The government in India announced its Budget (including tax and policy proposals) on February 28, 2015. As this is stated to be the first serious Budget for the new government after being elected 8 months ago, the government likely will push through significant policy measures to revive economic growth and boost foreign investment. There is also high expectation from foreign investors and multinational companies for the government to address several long standing and pressing tax issues.
“Today’s tax systems were conceived in a pre-computer age. So it is no surprise that they often clash with the modern, digital economy. Taxation must not be an obstacle to all that is good about the digital revolution. Yet, we must also ensure that the digital sector plays fair and pays fair.” These are the words of Mr. Šemeta, EU Commissioner for Taxation, Customs, Statistics, Anti-fraud and Audit, published in the recent press release of the European Commission.
“The digital sector must contribute fairly to public finances. Currently corporate tax avoidance and aggressive tax planning are particularly problematic in the digital economy. This is due to the global and intangible nature of these companies, and the fact that today’s tax rules were not designed with e-commerce in mind. As a result, the taxes paid by the digital economy are frequently not in line with the presence and profits of this sector in the EU.”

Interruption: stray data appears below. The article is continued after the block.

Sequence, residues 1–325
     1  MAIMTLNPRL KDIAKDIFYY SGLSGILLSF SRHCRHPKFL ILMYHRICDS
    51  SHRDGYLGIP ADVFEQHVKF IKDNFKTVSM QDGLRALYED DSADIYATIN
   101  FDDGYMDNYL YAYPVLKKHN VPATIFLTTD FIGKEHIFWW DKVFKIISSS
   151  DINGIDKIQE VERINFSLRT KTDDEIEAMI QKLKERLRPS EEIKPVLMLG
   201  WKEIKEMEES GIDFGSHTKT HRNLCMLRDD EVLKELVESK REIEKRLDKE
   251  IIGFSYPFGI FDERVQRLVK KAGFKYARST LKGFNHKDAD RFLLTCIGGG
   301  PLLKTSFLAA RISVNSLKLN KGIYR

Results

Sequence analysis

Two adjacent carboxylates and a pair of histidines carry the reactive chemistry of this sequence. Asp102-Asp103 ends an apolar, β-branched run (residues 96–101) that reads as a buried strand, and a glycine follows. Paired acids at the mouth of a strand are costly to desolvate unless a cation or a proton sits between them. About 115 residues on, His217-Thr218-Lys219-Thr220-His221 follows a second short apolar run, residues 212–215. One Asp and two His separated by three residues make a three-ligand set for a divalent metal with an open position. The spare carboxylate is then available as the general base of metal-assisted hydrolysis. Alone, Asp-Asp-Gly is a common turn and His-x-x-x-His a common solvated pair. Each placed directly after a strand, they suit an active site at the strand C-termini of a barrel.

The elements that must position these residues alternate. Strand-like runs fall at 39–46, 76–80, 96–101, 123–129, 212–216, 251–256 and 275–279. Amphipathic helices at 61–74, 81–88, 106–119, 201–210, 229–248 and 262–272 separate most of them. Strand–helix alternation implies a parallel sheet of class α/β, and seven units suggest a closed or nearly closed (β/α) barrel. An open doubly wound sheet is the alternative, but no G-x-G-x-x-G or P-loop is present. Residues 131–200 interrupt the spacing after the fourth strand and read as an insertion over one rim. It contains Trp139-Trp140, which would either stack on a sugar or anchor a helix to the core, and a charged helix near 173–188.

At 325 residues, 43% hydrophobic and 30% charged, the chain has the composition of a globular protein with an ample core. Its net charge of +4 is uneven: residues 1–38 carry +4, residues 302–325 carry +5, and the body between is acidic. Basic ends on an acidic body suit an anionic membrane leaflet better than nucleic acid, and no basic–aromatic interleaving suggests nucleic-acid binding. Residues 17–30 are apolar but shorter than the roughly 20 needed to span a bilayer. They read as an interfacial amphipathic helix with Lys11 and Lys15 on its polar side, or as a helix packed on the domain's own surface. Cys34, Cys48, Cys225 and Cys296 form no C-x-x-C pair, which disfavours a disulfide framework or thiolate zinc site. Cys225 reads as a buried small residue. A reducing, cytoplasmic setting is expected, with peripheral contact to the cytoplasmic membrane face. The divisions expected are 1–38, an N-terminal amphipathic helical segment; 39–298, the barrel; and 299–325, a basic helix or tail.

The French Prime Minister announced recently that from 1 January 2012 the reduced VAT rate for “standard reduced articles” is expected to be increased from 5.5% to 7% (subject to Parliamentary approval). This change will affect among others also the sales of all e-books in France; as we have reported previously France intends to sell the e-books at reduce rate as of 1 January 2012.
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